Living In A Mixed-Status Home: "I Am the Only Undocumented Person in my Family"
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A recent government report reveals that the Obama administration deported more than 46,000 undocumented persons with U.S born children within the first six months of last year alone.
Undocumented immigrants do not live in isolation; we are integral members of of our communities. We are people's brothers, sisters, mothers, fathers, loved ones, friends, neighbors and co-workers. These deportations affect and shatter entire communities who will not forget the hard working immigrants who were forced out of their lives and their communities.
I know this personally. I live in a mixed-status family, and I am the only undocumented person in my family. But my family situation is not an exception -- it is a common reality for many in the U.S. Although all of my siblings are U.S-born citizens, I have not been able to adjust my status due to this nation's broken immigration system. Being the only person in my family without documentation has been an intense experience.
I am also the first person in my family to graduate from high school and college. Although I cannot personally vote, I have built strong bonds with many people who do have that right and will exercise it. Of the many elements missing from the conversation on immigration, are the voices of citizens who support immigrant rights. One of those people is my younger brother Jaime Vega, who is currently a 3rd year Global Studies major at the University of California, Santa Barbara. I interviewed him to see how this country's broken immigration policies have affected him personally.
What has your experience been like living in a mixed-status household?
Having an undocumented sister has shown me the struggles that many students in her situation are experiencing. It has shown me, first hand, the resilience and commitment it takes to access higher education in a public institutional system that offers no aid to undocumented immigrant students who are denied an even playing field because of their citizenship status. Seeing my older sister break the barriers of higher education by attending and graduating UCLA motivated me and our entire family to pursue higher education. Seeing all the barriers she had to overcome I knew that I needed to attend college because if she could do it I did not have an excuse not to.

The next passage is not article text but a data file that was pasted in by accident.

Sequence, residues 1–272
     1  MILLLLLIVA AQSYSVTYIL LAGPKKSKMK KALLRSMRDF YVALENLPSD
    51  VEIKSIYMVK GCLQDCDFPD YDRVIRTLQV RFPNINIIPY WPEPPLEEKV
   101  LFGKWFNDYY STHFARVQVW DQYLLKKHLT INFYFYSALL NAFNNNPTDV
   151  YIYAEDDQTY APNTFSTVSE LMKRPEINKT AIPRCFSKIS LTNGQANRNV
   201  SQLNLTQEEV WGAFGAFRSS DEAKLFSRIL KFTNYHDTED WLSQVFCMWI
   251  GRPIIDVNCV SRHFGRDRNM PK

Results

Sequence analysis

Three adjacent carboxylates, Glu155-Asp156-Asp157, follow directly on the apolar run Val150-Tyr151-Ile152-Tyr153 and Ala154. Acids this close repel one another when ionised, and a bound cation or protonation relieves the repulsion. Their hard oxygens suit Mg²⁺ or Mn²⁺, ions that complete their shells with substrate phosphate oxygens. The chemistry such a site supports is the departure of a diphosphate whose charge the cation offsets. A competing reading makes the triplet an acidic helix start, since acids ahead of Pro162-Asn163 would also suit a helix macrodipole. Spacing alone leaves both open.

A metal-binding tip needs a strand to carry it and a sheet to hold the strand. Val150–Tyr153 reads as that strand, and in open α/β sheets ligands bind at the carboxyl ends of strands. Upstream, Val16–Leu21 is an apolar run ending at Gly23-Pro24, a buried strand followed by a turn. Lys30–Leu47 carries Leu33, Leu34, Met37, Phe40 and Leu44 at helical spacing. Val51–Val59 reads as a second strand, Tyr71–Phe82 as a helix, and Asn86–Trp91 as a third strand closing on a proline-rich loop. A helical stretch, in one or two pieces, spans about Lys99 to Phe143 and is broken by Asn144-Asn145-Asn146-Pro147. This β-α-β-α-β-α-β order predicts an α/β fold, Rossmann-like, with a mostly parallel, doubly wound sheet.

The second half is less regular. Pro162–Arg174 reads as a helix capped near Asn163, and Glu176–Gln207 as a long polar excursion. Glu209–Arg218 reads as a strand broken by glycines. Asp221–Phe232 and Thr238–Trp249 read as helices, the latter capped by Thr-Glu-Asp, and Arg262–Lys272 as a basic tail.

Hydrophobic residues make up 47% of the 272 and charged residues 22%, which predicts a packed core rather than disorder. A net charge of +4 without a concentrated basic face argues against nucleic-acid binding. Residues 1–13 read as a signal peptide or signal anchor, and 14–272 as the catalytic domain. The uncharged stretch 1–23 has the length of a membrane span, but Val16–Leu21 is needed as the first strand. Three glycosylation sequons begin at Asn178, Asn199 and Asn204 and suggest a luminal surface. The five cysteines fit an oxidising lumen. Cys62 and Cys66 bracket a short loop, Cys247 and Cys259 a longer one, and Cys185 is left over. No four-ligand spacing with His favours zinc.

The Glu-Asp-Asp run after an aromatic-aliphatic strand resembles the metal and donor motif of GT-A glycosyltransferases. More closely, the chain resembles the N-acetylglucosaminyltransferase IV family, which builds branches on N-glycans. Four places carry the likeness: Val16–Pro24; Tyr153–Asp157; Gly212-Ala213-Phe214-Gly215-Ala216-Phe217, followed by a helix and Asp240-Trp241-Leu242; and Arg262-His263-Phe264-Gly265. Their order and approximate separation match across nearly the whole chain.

Seeing the activism my sister has been a part of has lead to me become more socially conscious of anti-immigrant policies and the ramifications of such policy-making. Although I am U.S citizen, immigration hits close to home and is an issue that I deeply care about because it has a real impact in my family's life.
How do anti-immigration policies affect you as a U.S Citizen?
Anti-immigration policies such as SB1070, among other discriminatory policies and legislation, have made me aware of the backward progress we are taking to promote equal access to higher education and equality. We know that SB1070 was not only targeting undocumented people, it is a clear example of racial profiling where anyone that looked "undocumented" was at risk of being profiled.
As a U.S citizen why do you care about immigration?
Because I do have papers, that is even more reason to care, and do something about these unjust policies that are negligent and discriminatory. Because I have the access to vote and to be represented, that gives me the need to fulfill my responsibility as an "American" and ensure that laws and policies that are unconstitutional do not become the norm.
I have seen how policies have dehumanized my sister, the undocumented community and the overall Latino communities. Because I can vote, I must vote, and be consciously aware that these policies are affecting my family, my sister, and the community. This nation's broken immigration policies do not only affect the undocumented people in my family, they affect me as well.